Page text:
If you have asthma, you know how difficult it can be to breathe clearly when you have a flare-up.
Asthma is a chronic (ongoing) disease that causes airways to swell. It affects 26 million Americans, sometimes keeping them from school, work and enjoying their lives. With the right treatment, you can breathe easier.
Comprehensive asthma care at Henry Ford
Henry Ford Health System’s doctors and respiratory therapists understand asthma’s symptoms and how to help you control them. We provide accurate diagnosis so you’ll know if asthma or another condition is troubling you. And we offer solutions to keep you active while living with asthma.
When your doctor refers you to Henry Ford for expert diagnosis and treatment, you can be confident that we’re here for you. We care for patients with complex conditions, from initial diagnosis to long-term treatment. Meet our pulmonary team.
What are the signs of asthma?
Many people first receive an asthma diagnosis after an asthma attack. In a severe asthma attack, you feel like you can’t breathe or can’t get enough air. Sudden asthma attacks, or exacerbations, can last from a few minutes to days. If left untreated, asthma attacks can be dangerous.
While asthma is a lifelong disease, most people have periodic attacks separated by symptom-free periods. People with asthma may experience:
- Coughing, especially at night or in the early morning
- Wheezing (whistling or scratching sound when breathing)
- Trouble breathing
- Chest tightness
Who is most likely to get asthma?
People can develop asthma at any age. The condition appears most often in children. You are at a greater risk if you have a family history of asthma or suffer from allergies. Other types of asthma include:
- Occupational asthma: This condition can happen when you breathe dust, chemicals or other irritants at work.
- Exercise-induced asthma: Some people wheeze or cough during physical activity. This type of asthma happens when you work out or do anything active. The condition is also called exercise-induced bronchoconstriction (EIB).
How is asthma diagnosed?
If you suspect that you or a loved one has asthma, you should see an asthma specialist. Our board-certified pulmonologists are experts in diagnosing and treating adult asthma. We work closely with allergists who are experts in diagnosing and treating both adult and pediatric (childhood) asthma.
We offer thorough evaluation and diagnosis of all types of lung and respiratory conditions, including asthma. These evaluations are called pulmonary function tests. Your doctor may request:
- Spirometry: For this simple breathing test, you blow into a tube so we can measure your lung volume. Sometimes we test you with and without an inhaler to see how well the medication is working.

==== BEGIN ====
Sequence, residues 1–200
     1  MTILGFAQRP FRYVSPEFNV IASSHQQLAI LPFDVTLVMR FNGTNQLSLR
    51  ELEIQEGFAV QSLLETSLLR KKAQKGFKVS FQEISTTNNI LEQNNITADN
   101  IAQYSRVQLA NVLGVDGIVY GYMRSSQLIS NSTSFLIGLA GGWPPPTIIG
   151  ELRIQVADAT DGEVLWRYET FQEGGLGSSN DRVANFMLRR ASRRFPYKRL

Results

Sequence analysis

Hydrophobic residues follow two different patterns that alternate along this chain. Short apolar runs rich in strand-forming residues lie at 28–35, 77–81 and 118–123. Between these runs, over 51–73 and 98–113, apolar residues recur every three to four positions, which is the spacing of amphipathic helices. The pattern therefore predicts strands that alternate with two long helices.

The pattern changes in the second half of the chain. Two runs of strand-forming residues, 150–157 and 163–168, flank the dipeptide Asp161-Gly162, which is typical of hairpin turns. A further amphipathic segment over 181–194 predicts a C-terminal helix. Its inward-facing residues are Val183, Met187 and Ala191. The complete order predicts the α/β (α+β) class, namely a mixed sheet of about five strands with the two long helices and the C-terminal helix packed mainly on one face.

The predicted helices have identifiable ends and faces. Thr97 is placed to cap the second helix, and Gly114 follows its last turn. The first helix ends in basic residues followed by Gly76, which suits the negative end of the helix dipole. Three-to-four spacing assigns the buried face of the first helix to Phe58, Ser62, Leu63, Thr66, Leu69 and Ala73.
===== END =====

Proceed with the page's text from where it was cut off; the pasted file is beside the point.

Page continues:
- Bronchoprovocation: If needed, we can safely reproduce the conditions that cause an asthma attack. This test tells your doctor what’s causing the condition so we can pinpoint a solution.
What triggers an asthma attack?
A variety of factors may provoke an attack. Common triggers include
- Allergens: Animal dander, mold, dust mites, pollen and certain food allergies
- Environmental factors: Changes in weather, air pollutants and irritants such as tobacco smoke
- Lifestyle traits: Exercise, stress and strong emotions
- Medications: Some pain medications and beta blockers
- Other medical conditions: Respiratory infections and gastroesophageal reflux disease (GERD)
Asthma treatment at Henry Ford
Once you have an asthma diagnosis, your allergist usually helps you treat and manage your asthma. The goal is to control inflammation, avoid triggers and make a plan to manage sudden attacks.
Many people come to Henry Ford with more complex asthma. A team of specialists discusses each patient’s individual case. Not every medical center takes this approach, but we believe expertise results in better care. Our team includes doctors, respiratory therapists and pharmacists.
We develop a treatment plan specific to your health, your needs and your priorities. Your asthma plan may include:
- Asthma medications: Doctors treat asthma with a variety of short- and long-term medications. Some of these medications are ones you inhale. We’ll help you find the inhaler that works for you. If an inhaled medication doesn’t control your symptoms, your doctor may recommend shots. In these cases, our lung and pulmonary team works closely with your allergist to manage your care together.
- Advanced care for severe asthma: Severe asthma, also known as refractory asthma, doesn’t respond to typical treatment. At Henry Ford, we have the skill and the tools to offer solutions for refractory asthma in our pulmonary program. Some of the tools are highlighted below, but there are others that we may offer based on your specific needs.
- Injections/Shots: We provide XOLAIR and Nucala injections for those who qualify. You may receive these injections every two or every four weeks at your doctor’s office.
- Pulmonary rehabilitation: We offer a supervised exercise program that can help reduce shortness of breath and other asthma symptoms. Most important, you can gain more energy for your daily life. Learn about pulmonary rehabilitation.
- Bronchial thermoplasty: Asthma is caused by abnormal reactions in your airways. Sometimes doctors need to treat those airways directly through a process called bronchial thermoplasty. The physicians who work in our bronchoscopy and interventional pulmonology program were involved in the early work in this area and can provide you the most accurate assessment of whether you may benefit from this procedure.
- Genetic testing: Sometimes, patients who are told that they have asthma in fact have another disease. Some of these diseases are inherited (passed down from parents to children). Genetic testing can help assess whether that may be the case for you. Find out what to expect at the genetics clinic visit.